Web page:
Studies have shown that increasing haemoglobin levels, for those with moderate or severe anaemia, improves quality of life in IBD patients [4, 25, 26] and therefore one might expect iron status to reflect quality of life. However, results from this small study show that, in the absence of moderate or severe anaemia, there is no significant difference in quality of life between IBD patients classified as iron deplete and iron replete. As noted previously, categorisation as iron replete/deplete is superior when based upon oral iron challenge (as here) rather than standard haematological parameters that can be disturbed in this patient group [17, 18, 27]. The lack of observed difference could be explained by the fact that, in this work, only 4/21 of the iron deplete patients had anaemia (which was anyway mild) and, overall, the iron deplete group had a mean haemoglobin level of 13.3 g/dL  (i.e. within the normal reference range even if iron stores where low). Similar work in patients with cancer showed the biggest improvement in quality of life when haemoglobin levels increased from 11 to 13 g/dL . Therefore, the iron deplete patients in our study appear, in the main, have haemoglobin levels above the threshold for the detection of deterioration in quality of life. From this we can conclude that iron deficiency in the absence of anaemia does not have a measurable effect on quality of life in IBD. This is important information because there is evidence that oral iron supplementation can have detrimental effects on the symptoms of IBD [5, 6, 9, 10, 29, 30], so only supplementing when necessary seems prudent.
Moreover, for the IBD patients reported herein, we found that their iron intakes, and in particular their intakes of fortificant iron, were significantly negatively associated with quality of life, as measured by both the McMaster IBDQ and EuroQol VAS percentage. However, this association appears to ‘show up’ only in patients with some degree of disease activity (Figures 1E and 2E), although we accept that patient numbers were low in these subgroups and a larger study would be required to see if there really is no such association in patients with quiescent disease.
Animal models have indicated that relatively small changes to luminal iron in the colon can lead to exacerbation of local inflammatory effects (and their biomarkers) [12, 13, 15] and, similarly, that removal of luminal iron can alleviate local inflammation . However, the gastrointestinal effects of dietary/fortificant iron in humans with IBD is not understood  and, so, these are the first data to suggest that what is observed in animal models of IBD may also be observed in the population with non-quiescent IBD. Nevertheless, we recognise that the numbers studied here were small (n=29 overall and n=15 with mildly active disease) and that the less sensitive measure for quality of life in these subjects (i.e. the generic EuroQol score) did not detect any association. Hence, the study really needs repeating with a larger cohort, preferably longitudinally, but, if other findings are consistent, then this would add further credibility to work suggesting that unabsorbed dietary iron can have adverse effects in the colon and especially in those with pre-existing inflammation.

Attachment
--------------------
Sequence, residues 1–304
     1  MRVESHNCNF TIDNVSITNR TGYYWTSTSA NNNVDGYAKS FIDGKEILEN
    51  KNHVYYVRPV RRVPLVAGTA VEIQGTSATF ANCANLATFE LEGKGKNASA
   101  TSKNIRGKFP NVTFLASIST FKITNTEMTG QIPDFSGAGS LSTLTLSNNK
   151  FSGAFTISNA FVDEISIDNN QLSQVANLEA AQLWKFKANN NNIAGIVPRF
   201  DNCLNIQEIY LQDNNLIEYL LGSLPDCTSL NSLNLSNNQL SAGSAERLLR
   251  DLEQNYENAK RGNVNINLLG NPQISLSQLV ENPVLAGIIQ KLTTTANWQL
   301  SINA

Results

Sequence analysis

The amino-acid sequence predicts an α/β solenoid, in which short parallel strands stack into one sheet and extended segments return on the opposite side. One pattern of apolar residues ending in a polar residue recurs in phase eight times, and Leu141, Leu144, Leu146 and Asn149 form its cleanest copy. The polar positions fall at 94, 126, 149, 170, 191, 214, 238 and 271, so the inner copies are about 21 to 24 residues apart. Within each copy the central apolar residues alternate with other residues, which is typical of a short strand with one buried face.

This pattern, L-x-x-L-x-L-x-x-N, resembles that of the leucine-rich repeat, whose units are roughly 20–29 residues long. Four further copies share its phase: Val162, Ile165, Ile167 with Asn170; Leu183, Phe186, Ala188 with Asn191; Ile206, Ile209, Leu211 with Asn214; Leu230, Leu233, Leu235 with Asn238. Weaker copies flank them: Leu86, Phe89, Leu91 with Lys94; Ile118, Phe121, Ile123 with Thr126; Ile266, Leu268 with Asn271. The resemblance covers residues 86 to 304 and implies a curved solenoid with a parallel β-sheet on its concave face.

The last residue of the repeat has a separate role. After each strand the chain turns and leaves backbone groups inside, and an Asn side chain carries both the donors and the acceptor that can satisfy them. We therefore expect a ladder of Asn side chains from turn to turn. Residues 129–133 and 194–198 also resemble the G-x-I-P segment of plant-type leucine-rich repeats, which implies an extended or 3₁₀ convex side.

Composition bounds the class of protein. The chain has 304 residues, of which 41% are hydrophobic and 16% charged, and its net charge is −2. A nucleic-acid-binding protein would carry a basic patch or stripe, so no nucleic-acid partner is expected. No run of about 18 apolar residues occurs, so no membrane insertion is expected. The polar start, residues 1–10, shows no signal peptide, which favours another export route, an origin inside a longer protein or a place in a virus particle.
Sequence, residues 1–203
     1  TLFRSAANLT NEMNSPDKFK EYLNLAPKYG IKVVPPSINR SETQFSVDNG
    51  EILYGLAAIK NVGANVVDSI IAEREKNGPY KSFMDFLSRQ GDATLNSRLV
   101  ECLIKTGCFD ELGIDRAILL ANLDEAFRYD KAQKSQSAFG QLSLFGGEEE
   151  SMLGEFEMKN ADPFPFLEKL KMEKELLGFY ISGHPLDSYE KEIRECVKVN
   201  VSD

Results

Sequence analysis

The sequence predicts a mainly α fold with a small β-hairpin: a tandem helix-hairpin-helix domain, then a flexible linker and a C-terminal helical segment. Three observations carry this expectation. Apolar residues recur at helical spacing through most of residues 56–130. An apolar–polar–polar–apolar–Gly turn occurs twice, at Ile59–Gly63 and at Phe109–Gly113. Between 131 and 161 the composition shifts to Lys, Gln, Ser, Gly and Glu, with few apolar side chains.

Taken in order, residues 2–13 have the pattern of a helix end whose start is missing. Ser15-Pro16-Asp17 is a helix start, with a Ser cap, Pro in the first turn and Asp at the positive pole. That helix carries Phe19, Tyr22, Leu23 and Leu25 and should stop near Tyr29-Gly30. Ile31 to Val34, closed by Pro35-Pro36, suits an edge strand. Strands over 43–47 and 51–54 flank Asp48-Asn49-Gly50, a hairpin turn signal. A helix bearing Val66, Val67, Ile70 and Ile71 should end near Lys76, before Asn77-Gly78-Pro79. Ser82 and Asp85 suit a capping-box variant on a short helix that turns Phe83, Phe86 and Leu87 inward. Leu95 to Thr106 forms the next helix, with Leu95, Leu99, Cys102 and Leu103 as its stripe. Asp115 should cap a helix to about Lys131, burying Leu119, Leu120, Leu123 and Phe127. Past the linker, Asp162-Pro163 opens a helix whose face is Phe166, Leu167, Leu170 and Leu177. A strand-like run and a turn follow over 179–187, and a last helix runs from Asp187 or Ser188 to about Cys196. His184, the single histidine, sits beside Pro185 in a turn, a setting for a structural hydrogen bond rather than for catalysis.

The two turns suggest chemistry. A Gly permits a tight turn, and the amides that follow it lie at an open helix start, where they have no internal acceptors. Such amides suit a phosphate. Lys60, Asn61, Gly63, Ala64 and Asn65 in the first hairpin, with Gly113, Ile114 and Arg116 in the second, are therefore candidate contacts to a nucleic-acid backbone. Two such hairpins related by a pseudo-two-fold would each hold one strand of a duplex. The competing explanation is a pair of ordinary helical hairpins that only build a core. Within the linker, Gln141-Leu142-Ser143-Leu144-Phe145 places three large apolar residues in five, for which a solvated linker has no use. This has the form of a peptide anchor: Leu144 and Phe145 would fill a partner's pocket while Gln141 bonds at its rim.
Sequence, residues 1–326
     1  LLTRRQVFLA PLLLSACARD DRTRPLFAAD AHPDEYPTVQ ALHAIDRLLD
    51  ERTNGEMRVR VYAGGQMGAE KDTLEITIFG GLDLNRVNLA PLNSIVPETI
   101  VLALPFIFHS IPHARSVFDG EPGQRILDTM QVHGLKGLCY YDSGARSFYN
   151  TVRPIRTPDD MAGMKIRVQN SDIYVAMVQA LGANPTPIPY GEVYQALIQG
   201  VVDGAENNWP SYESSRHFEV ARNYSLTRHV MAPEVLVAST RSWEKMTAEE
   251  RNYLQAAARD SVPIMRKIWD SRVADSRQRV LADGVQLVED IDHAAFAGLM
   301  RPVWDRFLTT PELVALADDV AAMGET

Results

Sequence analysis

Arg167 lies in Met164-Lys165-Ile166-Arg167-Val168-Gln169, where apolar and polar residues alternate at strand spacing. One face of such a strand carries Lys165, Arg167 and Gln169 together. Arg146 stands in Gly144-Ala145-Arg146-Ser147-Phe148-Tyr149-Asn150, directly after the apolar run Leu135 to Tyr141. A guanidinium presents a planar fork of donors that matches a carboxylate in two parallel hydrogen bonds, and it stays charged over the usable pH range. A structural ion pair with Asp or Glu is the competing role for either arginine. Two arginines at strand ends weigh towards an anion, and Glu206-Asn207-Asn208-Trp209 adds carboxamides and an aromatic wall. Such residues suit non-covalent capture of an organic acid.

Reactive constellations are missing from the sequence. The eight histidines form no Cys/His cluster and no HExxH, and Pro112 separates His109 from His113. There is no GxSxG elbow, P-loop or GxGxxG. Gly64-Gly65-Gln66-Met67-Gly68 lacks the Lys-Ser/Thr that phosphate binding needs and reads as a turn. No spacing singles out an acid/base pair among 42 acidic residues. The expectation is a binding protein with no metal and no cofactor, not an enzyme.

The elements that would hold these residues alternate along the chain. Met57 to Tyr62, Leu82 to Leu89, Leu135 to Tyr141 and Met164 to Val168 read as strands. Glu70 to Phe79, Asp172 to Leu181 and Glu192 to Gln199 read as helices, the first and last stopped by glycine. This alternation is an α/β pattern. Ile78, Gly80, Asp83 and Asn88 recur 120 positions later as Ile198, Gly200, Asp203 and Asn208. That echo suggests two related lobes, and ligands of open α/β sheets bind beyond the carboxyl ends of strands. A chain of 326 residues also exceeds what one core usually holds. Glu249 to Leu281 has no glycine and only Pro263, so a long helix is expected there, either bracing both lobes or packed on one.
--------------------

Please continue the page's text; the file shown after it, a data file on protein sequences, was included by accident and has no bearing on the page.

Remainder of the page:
If the above findings were verified, how might dietary fortificant iron be mediating its effect in sensitive individuals? After all, compared to oral iron supplementation (typically 60–120 mg Fe/day) the amount of iron in the diet, even allowing for fortification, is low (5–25 mgFe/day in this study) and whilst iron supplementation may be problematic in some subjects with IBD [5, 6, 9, 10, 29, 30] it is clearly not to the extent that would be expected if dietary iron alone were a problem. This is a puzzle that deserves consideration although it is possible that there is a low dose threshold for the iron effect or that long term iron-effects are required (e.g. changes in colonic flora ) that are not irreversibly experienced with the shorter duration of supplementation. Finally, the chemical form of the iron should be considered: for example, it is worth noting that an inflammatory murine model of ulcerative colitis showed that a mere doubling of dietary iron, using iron EDTA, led to a 4–5 fold increase in tumour incidence . Even in the small study presented here, the range of iron intakes was about four-fold.
To our knowledge the study presented herein is the first study carried out in humans to investigate the impact of dietary iron, particularly from iron-fortified products, on quality of life. We focused, especially, on IBD patients as a potentially vulnerable and sensitive (to effects) population. This study can be viewed as hypothesis-generating and we propose that further studies are undertaken to determine whether high dietary iron intakes are, reproducibly, negatively associated with quality of life in IBD patients (with or without active disease) and, if so, firstly if this is related to endogenous food-iron or fortificant iron (for the non-haem fraction) and, secondly, if the issue extends to the wider population in terms of dietary iron and long-term distal gut health. In which case, for a healthy population without pre-existing gut mucosal sensitivity, it is unlikely that symptoms (quality of life) would be a sufficient indicator and biochemical, microbial or histological parameters would be required.